Continuing to Bear Fruit during the Pandemic

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By Peace Corps Nepal
April 30, 2021

With support from USAID Small Project Assistance (SPA), the Peace Corps Volunteer and community launched a nutrition and economic development program to increase the production, consumption, and sale of kiwi as well as other fruits and nuts.

Durlung is a small community in Parbat District situated at an elevation of 1,550 meters above sea level, and is 2 hours from the nearest town center. Upon arriving to Durlung, one Peace Corps Volunteer (PCV) found a community interested to learn new agricultural and income generation practices, and to promote easy, affordable access to nutritious foods. With support from USAID Small Project Assistance (SPA), the PCV and community launched a nutrition and economic development program to increase the production, consumption, and sale of kiwi as well as other fruits and nuts.

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Picture showing grafting method used by the community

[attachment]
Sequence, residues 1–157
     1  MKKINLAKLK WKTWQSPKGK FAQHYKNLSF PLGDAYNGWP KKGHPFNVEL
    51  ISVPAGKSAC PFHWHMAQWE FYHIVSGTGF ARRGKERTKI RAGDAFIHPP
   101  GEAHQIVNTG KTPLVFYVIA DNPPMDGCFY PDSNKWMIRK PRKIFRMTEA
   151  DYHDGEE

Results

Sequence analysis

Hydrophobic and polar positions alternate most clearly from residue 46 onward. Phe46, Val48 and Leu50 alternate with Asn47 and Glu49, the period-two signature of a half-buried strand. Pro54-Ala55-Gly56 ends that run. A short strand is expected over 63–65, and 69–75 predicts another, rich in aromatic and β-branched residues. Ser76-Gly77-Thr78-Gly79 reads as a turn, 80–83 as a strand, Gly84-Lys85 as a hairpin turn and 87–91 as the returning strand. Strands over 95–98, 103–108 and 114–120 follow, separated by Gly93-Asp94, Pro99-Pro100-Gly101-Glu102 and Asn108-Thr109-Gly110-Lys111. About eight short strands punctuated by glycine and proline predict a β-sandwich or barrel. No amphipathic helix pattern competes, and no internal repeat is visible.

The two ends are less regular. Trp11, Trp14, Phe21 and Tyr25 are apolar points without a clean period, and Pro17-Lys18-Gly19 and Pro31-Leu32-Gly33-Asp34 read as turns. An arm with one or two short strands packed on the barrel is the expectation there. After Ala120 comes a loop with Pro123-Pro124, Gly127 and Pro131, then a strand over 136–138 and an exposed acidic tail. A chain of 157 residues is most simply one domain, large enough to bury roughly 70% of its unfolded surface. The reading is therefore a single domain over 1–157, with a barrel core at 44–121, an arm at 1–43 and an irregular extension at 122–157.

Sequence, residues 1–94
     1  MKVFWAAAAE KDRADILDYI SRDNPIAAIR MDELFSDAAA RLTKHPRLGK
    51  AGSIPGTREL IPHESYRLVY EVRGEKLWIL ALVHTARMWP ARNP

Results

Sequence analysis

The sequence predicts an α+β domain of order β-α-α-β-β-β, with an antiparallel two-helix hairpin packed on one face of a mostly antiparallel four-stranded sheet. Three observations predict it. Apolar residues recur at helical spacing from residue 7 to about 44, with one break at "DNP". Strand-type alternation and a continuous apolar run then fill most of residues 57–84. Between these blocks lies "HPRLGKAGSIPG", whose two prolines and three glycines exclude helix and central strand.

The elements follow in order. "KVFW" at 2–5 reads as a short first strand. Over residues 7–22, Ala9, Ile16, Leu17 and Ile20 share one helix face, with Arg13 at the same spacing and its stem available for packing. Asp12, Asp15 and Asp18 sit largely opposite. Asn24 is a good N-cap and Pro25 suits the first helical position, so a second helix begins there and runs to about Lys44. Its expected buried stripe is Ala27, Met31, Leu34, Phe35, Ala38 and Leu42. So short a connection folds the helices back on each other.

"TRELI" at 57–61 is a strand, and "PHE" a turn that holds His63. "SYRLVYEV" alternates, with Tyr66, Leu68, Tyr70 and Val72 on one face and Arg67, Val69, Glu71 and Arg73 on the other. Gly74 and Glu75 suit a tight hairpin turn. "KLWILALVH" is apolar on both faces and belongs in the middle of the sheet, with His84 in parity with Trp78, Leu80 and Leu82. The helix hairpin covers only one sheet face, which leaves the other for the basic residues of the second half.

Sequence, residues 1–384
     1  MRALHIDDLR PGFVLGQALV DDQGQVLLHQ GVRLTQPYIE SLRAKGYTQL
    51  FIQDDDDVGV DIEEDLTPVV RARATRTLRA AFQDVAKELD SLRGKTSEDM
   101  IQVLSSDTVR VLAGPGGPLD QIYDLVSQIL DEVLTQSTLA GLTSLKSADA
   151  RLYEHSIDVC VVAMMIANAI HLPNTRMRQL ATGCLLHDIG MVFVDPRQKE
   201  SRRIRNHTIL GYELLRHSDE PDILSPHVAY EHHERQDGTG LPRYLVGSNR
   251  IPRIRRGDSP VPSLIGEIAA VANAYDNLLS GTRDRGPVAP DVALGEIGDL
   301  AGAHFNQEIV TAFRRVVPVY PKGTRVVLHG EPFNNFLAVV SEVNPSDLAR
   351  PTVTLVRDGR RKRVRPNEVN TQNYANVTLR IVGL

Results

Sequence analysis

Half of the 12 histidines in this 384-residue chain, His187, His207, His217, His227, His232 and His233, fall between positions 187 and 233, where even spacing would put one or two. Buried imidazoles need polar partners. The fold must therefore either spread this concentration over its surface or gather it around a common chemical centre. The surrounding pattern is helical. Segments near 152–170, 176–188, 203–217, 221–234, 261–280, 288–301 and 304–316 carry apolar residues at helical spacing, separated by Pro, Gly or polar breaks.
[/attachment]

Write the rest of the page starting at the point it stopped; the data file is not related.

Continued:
When the PCV was evacuated due to the COVID-19 pandemic, community leaders and farmers took over the responsibility and continued the project. Through regular phone calls with the community, Peace Corps staff have learned that community leaders like Hom Bahadur are working with more than 4o households in the community. Each household has cultivated up to 75 seedlings of different species of fruit trees. With support from the Agriculture Knowledge Center (AKC), these households have also diversified their orchards with almond, cherry, apricot, avocado, apple and macadamia trees. Considering the global evacuation of PCVs and the acute impact of the COVID-19 pandemic on rural households, it is comforting to know that SPA supported projects continue to bear fruit.


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